Saturday, March 1, 2014

Sorry for the rant....

I've been following a story in western N.C. about a high school student, Kalei Wilson.  Kalei is an atheist who wanted to start a club for like-minded students to organize and do community service.  I guess this is similar to what groups like the Fellowship of Christian Athletes do.  At least a dozen students had expressed interest in joining the club.  Anyway, this was posted on Kalei's page this week:

"It saddens us to report that due to the numerous threats and the verbal attacks on Kalei along with the vindictive witch-hunt to hurt the reputations of affiliated local groups and our own family , Kalei will not be continuing with the group.
We have contacted GoFundMe and requested they return your generous donations. They have assured us that your funds will show back up in your respective accounts within 3 to 5 days.
Your love and support are priceless and we apologize in letting you down. It was our single goal to support Kalei in her efforts to start the much needed SSA club.
However, we never expected our family and friends to be sought out and demonized. Please know that we recognize the importance of the club but we can not justify our involvement with the risk of our families safety and well being."
It does not take many clicks to find the text to some of these threats or to find the unbelievable vulgar language that was directed toward Kalei.  It makes me so incredibly sad and infuriated at the same time. What are churches teaching children that would cause them to think that this kind of threatening behavior is not only appropriate, but it is "Christian."  Seriously.  How does that square off with the life of Christ...yes, I guess you could say that Jesus called people names.  He called a group a "brood of vipers."  (Matthew 12:34 and 23:33).  And, yes, he got mad and a little violent when he turned over a bunch of tables (Matthew 21:12, Mark 11:15, John 2:15).  And, guess what?  His anger was not directed at unbelievers.  His anger was directed at the religious people whose attention to self-righteousness kept them from being decent human beings.  That is a call to repentance for all of us in the church.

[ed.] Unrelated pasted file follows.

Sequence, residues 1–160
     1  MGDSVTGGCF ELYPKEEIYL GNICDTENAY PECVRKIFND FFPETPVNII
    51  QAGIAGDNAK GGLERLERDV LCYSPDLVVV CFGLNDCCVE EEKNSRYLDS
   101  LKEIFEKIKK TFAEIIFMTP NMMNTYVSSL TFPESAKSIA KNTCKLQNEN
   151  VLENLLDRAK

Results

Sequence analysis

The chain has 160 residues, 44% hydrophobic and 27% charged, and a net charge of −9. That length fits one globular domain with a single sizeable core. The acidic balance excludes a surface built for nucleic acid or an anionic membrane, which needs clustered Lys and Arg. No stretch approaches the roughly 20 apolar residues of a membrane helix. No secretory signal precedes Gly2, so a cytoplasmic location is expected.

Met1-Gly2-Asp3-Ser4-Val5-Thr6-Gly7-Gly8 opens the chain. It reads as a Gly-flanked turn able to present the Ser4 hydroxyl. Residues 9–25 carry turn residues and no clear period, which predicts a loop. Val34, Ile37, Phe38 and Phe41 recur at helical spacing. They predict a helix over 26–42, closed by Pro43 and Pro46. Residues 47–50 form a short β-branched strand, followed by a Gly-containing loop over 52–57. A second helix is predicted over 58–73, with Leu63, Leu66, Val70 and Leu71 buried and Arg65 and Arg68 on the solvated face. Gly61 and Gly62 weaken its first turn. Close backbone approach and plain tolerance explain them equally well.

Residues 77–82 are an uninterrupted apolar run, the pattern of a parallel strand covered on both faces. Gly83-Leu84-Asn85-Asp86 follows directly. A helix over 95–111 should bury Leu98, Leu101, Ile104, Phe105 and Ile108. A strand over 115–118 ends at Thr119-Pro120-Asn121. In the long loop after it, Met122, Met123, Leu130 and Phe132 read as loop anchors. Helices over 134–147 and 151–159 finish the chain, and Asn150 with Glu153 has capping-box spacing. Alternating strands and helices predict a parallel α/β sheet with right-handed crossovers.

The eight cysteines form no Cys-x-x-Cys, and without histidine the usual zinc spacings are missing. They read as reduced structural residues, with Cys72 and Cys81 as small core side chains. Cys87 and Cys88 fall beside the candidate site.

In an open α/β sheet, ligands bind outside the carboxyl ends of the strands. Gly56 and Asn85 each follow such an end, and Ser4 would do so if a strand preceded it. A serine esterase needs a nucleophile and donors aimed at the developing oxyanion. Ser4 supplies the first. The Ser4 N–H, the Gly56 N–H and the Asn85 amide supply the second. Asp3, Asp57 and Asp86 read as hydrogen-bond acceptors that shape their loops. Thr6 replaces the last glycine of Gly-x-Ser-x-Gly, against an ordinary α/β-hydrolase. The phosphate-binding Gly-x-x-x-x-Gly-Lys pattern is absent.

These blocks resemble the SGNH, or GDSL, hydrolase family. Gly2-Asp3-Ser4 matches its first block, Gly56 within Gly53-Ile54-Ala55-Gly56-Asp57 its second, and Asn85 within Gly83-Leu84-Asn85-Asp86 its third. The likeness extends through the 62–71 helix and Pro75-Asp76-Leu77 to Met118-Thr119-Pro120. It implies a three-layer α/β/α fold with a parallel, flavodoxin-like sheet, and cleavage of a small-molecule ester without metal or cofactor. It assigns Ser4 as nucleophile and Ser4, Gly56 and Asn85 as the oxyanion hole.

And, in Matthew 25, when Jesus does indeed talk about the final judgment, he does not talk about belief and getting the beliefs right.  He is much more interested in how we care for others. He says that those who will be welcomed into paradise will be those who fed the hungry, gave the thirsty something to drink, clothed the naked, took care of the sick, visited the prisoner.  That was his deal.  He took care of people.  He welcomed people that nobody else wanted to be around.  He allowed them to touch his life.

Sometimes I am just overwhelmed by how far Christianity (at least the Christianity that gets all of the publicity) has fallen from those behavioral covenants.  We'd rather bully a non-believer than understand her.  How arrogant!  We'd rather bully a non-believer than show her the love of welcoming her, by practicing radical hospitality, and maybe by working side by side with her in projects that could benefit an entire community.

Think of the witness THAT would have given.  That would have shown a group of Christians so secure in their faith, so moved by the love of Christ in their own lives that they don't have to bully others who do not believe the same.  They don't have to use strong vulgar language "in the name of Christ."  They don't have to draw the line in the sand and refuse to budge.

They can welcome others into the love of Christ by welcoming them into their own lives.  They can get on with the business of feeding the hungry, giving the thirsty something to drink, clothing the naked, etc. What a witness we could have if we stopped our obsession with judging others and left that up to God.

Sorry for the rant - but that article got to me.

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